Isley, Bacharach Make It Easy - Rolling Stone
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Isley, Bacharach Make It Easy

Legendary producer, R&B combo collaborate on standards

In a backdoor way, Ronald Isley credits Burt Bacharach with helping
break the Isley Brothers forty-one years ago.

By Isley’s recount, the R&B sibling ensemble was in the
studio to record Bacharach’s “Make It Easy on Yourself” for Sceptor
in 1962. The group’s A&R director, Luther Dickinson, had
altered the lyrics to the song, which didn’t sit right with the
composer. “Burt walked into the studio and we were singing it,”
Isley says. “He said, ‘This is not my song.’ They had this big,
blowout argument in the studio, and he told the musicians to stop
playing and walked out.” With twenty minutes of studio time left,
the Isleys weren’t inclined to walk out, so they worked up an
original, “Twist and Shout.” “I sang it once and I thought I heard
my voice crack,” he says. “They told me I was out of time, and I
felt like our career was over.”

Needless to say, fate had other ideas, and the song became the
Isley’s first charting single. And the Isley Brothers, who had
initially been positioned as smooth-crooning ensemble cut from the
same cloth as Johnny Mathis, traversed to a more rock &
roll-tinged brand of raw-boned R&B. “The faster things just hit
first,” Isley says. “‘Twist and Shout’ just took our career in
another way.”

Fast forward four decades, and the Isleys are enjoying a
renaissance, topping the pop album charts with Body Kiss
this spring. The group — now whittled down to Ronald and guitarist
Ernie Isley — will take its next step with an eye cast on the
past. The Isley Brothers are working on an album of standards
composed and rearranged by Bacharach, and featuring all of his lush
orchestral bells and whistles (including twenty-six violins on
“Alfie”), for a November release. For an added bit of history, the
recordings are taking place in the legendary Capitol Studio A and B
in Los Angeles, the site of classic sessions by Frank Sinatra and
Nat King Cole.

A good friend of Dionne Warwick, Isley claims that he was on the
periphery of numerous sessions with Bacharach, lyricist Hal David
and their best-known interpreter. But Isley and Bacharach hadn’t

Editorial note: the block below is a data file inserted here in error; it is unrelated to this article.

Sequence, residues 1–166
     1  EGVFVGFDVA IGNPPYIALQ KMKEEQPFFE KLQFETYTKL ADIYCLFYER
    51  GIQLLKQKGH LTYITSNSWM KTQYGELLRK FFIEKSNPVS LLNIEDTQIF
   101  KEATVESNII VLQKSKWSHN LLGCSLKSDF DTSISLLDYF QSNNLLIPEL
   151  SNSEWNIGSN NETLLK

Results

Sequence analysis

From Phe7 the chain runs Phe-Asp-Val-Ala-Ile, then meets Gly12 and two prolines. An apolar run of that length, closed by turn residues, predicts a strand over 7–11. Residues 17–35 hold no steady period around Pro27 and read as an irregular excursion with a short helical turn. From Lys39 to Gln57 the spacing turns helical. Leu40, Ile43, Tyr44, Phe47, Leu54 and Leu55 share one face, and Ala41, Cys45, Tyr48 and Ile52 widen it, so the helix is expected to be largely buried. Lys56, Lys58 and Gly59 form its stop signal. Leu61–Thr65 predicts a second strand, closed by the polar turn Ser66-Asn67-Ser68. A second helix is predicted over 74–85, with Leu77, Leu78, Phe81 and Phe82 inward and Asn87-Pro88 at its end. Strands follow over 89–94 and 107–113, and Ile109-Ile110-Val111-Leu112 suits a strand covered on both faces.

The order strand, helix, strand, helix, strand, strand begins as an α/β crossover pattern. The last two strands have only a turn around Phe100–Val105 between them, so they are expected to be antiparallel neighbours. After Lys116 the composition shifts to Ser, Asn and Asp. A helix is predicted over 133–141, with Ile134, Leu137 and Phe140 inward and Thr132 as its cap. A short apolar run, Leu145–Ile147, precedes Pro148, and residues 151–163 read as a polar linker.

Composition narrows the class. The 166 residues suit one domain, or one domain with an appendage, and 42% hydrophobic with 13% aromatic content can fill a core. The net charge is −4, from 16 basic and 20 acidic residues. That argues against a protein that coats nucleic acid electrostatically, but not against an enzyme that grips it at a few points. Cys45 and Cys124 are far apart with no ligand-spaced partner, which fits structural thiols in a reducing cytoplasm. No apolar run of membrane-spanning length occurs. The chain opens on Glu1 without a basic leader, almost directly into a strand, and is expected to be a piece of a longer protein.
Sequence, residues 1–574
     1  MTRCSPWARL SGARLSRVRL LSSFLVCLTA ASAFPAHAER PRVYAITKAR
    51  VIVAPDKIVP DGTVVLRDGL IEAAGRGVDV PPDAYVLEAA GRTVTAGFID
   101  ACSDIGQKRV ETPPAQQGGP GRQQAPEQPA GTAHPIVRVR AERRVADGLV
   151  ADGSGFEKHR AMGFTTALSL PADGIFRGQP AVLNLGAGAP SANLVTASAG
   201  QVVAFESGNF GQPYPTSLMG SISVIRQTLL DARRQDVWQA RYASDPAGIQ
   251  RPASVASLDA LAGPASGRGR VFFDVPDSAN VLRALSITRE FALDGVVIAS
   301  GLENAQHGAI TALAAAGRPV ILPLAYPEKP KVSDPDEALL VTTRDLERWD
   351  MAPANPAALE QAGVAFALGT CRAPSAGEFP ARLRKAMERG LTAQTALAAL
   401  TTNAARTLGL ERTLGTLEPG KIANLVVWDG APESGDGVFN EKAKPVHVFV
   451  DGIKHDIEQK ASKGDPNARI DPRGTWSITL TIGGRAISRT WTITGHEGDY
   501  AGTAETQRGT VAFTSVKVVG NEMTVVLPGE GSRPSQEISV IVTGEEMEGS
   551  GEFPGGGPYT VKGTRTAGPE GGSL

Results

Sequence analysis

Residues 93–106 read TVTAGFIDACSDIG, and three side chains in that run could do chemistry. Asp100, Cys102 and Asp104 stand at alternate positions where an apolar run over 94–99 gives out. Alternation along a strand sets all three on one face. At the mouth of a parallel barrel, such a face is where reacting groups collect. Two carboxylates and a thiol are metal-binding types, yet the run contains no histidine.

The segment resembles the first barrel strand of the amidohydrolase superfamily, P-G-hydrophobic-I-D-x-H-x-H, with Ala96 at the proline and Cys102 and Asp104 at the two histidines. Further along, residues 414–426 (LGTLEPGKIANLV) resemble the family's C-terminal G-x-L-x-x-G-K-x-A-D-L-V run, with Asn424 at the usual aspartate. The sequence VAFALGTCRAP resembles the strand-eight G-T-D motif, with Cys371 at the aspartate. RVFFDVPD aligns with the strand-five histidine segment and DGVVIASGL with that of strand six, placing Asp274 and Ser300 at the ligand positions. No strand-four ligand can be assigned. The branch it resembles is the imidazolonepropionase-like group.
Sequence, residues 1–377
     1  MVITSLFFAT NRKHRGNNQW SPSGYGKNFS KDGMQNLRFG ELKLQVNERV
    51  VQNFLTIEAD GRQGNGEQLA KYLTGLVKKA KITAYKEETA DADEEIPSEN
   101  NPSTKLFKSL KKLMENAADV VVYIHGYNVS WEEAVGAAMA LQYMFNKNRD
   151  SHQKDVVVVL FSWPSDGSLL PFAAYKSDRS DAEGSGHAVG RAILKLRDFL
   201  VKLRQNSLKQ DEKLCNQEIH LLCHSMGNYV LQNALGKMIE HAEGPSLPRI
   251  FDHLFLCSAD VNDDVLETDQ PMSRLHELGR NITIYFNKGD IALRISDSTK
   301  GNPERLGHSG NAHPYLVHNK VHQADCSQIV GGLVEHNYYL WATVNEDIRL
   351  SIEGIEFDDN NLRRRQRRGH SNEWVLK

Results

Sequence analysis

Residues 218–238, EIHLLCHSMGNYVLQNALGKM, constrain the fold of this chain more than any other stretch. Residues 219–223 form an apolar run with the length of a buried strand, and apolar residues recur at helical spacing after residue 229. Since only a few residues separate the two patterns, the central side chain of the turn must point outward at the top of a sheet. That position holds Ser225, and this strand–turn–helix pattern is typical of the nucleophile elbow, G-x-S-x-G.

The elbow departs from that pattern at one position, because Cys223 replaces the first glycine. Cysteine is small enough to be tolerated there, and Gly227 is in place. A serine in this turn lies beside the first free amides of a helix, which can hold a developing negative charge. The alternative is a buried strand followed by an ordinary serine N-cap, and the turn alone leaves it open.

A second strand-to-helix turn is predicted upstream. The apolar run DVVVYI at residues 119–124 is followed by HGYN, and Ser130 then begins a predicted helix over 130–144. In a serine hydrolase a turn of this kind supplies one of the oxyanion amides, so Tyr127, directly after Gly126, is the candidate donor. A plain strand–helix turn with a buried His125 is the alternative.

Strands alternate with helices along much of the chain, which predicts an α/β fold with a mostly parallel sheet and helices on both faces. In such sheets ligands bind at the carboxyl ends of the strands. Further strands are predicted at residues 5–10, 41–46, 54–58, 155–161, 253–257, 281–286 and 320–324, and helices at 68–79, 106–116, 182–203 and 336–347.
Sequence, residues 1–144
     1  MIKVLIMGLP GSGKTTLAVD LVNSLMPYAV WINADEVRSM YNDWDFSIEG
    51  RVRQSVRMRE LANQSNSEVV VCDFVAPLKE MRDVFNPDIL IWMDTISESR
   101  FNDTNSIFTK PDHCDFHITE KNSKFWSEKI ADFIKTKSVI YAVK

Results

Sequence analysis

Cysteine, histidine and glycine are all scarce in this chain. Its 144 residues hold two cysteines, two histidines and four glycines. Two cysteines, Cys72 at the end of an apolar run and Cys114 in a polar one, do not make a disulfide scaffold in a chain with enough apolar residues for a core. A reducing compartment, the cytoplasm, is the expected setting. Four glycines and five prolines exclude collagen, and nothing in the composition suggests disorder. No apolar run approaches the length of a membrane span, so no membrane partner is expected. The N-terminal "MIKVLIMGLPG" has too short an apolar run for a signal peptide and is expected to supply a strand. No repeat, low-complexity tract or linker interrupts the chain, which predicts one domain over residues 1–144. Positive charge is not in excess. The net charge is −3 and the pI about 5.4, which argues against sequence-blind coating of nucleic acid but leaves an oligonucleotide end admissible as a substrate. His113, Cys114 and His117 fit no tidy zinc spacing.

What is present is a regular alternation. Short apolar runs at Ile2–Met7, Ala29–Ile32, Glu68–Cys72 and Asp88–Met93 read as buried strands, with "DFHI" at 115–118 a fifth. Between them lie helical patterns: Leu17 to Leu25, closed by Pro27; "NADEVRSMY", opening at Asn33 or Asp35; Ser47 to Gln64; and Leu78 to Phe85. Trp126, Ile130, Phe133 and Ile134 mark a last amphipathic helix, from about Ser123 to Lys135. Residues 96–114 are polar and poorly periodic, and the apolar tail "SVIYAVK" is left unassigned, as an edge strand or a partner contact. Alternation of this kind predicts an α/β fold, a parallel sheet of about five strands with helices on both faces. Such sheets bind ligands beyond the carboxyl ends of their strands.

really spoken until very recently, when the former began to
conceptualize a standards album and wanted to cover at least one
piece by his “favorite arranger, producer, writer.” A meeting was
arranged, a green light was illuminated and five songs — “In
Between the Heartaches,” “Alfie,” “Raindrops Keep Fallin’ on My
Head,” “Make It Easy on Yourself” and “A House Is Not a Home” —
were recorded in the first session. A second session yielded “This
Guys in Love With You,” “Anyone Who Had a Heart,” “The Look of
Love,” “Windows of the World” and “Here I Am,” and they plan to put
down two new songs (“Love Is the Answer” and “Count on Me”) to
round out the set.

Isley says he and the Bacharach/David catalog go back years.
“They’re the type of songs I walk around the house singing,” he
says, “not thinking I’d ever record them. But I spent a lot of time
in his house rehearsing, talking about the history of song. I think
I’m more familiar with his work than he is. That’s what kind of fan
I am. I’ve talked to him about songs he forgot he wrote. But I have
such a love for Burt’s arranging ability, I wouldn’t want to do his
songs without him being a part of it. When you say you’re gonna do
a classic album of standards, some of these songs are bound to come
to mind. But they really come to mind with this producer
and arranger.”

Bacharach is quick to deflect praise back toward Isley. “His
vocals are impeccable,” he says. “He’s a brilliant, brilliant
singer. I hope that we’ll come to you in a very soulful way. I was
always comfortable in that area of making records, though usually
most comfortable with the female voice. But he’s a wonderful
vehicle. The thing that just knocked me on my ass is his choice of
notes. You never know what licks he’s gonna throw in. There’s
something very clean about the top part of Ronnie’s voice. You
don’t get it until you’re sitting at the piano conducting at
Capitol — you hear what it sounds like when he does just one thing
on ‘Alfie’ and the whole string section applauds and you just say,
‘Holy shit.'”

Bacharach also relished the opportunity to rethink some of his
classic pieces. “The way we did ‘Raindrops,’ you’d never imagine
it’s ‘Raindrops,'” he says. “So soulful. It’s an area I’m very
comfortable in: going back and taking some of this material, not
wanting to score it the same way that I did thirty years ago, but
not being irreverent. I’m not going to let that happen. I’m not
going to step on the integrity of this music. It’s hard, because I
did thirty-five concerts last year, fourteen or so this year, so
I’m in touch with the material and I’ve done them close to the

Both men speak of the recording process with a sense of
reverence and nostalgia. “It’s like magic, the same kind used by
Sinatra, Dean Martin . . .” Isley says. “It has that special
chemistry, that’s why we’re doing the whole album in that studio.”
Adds Bacharach, “It’s been exhilarating to do it this way. Do I
write better arrangements than I did then? I’m not gonna go to that
place. But we’re cutting the whole thing live, no overdubs, no
overlays. Nobody’s recording that way anymore. I guess it’s been
done, but I haven’t done it in a long time that way. Cherish every
note. I’m very proud of the work we’ve done.”


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